From a basic perspective, an event is a change in state. The Event Management process brings together the stakeholders of a service and asks “What do we need to monitor in order to manage this service?” The outcomes are then built in to the design of the service including the documentation. This is a dramatic improvement over the all too common approach of figuring out what to look for, how to monitor and then how to respond on an ad hoc, often post-incident, basis.
As a result of formal planning, monitoring is built in to the design and tested. This avoids situations wherein the very addition of monitoring causes problems in production. It also helps avoid the protracted learning curves where operations receives a service and has no idea what to monitor and how to respond.
This dual nature is important: Event Management not only involves the detection of events (through whatever means are relevant including observation) but also how to respond. When supported with the right tools, tremendous improvements in effectiveness and efficiency become possible through centralized logging, analysis and response.
There are three base types of events:
- Informational – The fact that the event transpired is recorded and that’s all that is done. For example, that a batch job completed successfully. This data may be useful at some later time thus it is captured.
- Warning – These events are processed by an event correlation system and could result in some combination of logging, automatic response, and operator alerts.
- Exceptions – These are the most serious events and would result in the tool opening the appropriate incident, problem and change records and triggering those processes to begin.
The benefits are very real. Imagine an event management tool detecting that a memory threshold is being reached on a CI and that it is okay to reboot the service at 3 AM local time. The event tool then waits until 3 AM, opens both and incident and change records, reboots the server, verifies that both the CI is recovered and the service(s) are restored and then closes both the incident and change records. This would lessen the load on the staff while also improving service levels. Granted not all incidents can be resolved automatically but it is just as important to identify what to look for and how to respond so people performing Incident Management roles can respond correctly.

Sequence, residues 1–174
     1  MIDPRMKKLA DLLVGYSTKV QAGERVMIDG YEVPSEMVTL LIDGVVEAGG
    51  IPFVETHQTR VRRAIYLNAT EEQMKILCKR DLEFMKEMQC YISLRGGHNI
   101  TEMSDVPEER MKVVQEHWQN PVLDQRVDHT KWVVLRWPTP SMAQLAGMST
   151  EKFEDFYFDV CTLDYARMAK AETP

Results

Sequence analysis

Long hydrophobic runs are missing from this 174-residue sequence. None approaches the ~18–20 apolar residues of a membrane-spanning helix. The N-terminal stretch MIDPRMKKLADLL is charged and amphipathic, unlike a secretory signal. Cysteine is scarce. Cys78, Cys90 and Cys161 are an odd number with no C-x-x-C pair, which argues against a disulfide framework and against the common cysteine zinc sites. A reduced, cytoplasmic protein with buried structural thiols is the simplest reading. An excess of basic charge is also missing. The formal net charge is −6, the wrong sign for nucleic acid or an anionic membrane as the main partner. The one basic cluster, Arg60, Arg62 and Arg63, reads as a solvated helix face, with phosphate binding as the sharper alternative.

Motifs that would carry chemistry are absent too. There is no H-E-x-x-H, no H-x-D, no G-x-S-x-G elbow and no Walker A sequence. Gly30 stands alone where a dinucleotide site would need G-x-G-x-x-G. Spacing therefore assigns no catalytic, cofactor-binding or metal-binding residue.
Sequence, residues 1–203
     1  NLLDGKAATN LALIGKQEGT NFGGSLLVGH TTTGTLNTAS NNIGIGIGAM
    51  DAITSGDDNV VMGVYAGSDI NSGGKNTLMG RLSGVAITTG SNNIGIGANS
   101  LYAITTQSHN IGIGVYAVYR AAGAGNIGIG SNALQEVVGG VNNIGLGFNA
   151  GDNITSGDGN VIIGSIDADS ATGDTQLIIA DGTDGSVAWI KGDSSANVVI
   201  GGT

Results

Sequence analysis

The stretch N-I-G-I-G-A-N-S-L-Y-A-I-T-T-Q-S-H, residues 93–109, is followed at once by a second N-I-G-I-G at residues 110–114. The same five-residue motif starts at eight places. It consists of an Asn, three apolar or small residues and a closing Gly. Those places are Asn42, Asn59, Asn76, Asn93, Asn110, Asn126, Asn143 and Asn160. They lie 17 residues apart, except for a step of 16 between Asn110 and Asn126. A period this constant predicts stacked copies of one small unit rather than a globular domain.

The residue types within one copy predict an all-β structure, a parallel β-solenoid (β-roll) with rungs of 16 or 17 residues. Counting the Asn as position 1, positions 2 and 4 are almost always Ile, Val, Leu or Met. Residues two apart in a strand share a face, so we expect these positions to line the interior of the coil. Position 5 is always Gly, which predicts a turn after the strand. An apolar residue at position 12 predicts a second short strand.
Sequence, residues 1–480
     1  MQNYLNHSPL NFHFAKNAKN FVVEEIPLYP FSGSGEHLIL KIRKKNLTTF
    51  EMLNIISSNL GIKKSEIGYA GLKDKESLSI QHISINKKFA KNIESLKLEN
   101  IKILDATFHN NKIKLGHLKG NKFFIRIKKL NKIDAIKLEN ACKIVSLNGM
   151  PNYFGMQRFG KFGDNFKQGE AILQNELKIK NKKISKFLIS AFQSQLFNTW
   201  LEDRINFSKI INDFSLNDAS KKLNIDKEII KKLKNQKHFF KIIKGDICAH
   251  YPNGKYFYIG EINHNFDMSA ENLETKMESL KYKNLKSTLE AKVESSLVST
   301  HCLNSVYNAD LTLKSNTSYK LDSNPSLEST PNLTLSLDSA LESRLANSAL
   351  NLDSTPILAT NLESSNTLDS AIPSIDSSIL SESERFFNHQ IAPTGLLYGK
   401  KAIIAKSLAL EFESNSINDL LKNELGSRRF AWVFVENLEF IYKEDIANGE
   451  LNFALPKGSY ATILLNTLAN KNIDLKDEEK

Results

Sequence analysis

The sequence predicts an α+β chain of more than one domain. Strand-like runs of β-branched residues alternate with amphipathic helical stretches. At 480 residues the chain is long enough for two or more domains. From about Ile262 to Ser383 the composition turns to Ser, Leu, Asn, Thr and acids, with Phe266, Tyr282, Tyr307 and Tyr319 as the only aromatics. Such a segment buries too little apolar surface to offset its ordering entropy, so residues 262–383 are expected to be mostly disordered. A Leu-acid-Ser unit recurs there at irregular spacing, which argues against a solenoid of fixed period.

IT organizations will always be under intense pressure to meet service levels while controlling costs. The EIL and Event Management process are documented in ITIL and serve as references for organizations looking for ideas on how to improve. Management can take these ideas and work on improving processes that, in turn, improve service and the pursuit of goals.
George Spafford is an experienced consultant in business and IT operations. He is a prolific author and speaker, and has consulted and conducted training on strategy, IT management, information security and overall process improvement in the U.S., Canada, Australia, New Zeland and China. His publications include hundreds of articles plus the following books: “The Governance of Green IT”, “Greening the Data Center”, “Optimizing the Cooling in Your Existing Data Center” and co-authorship of “The Visible Ops Handbook” and “Visible Ops Security”. His current area of research is the use of information technology for competitive advantage.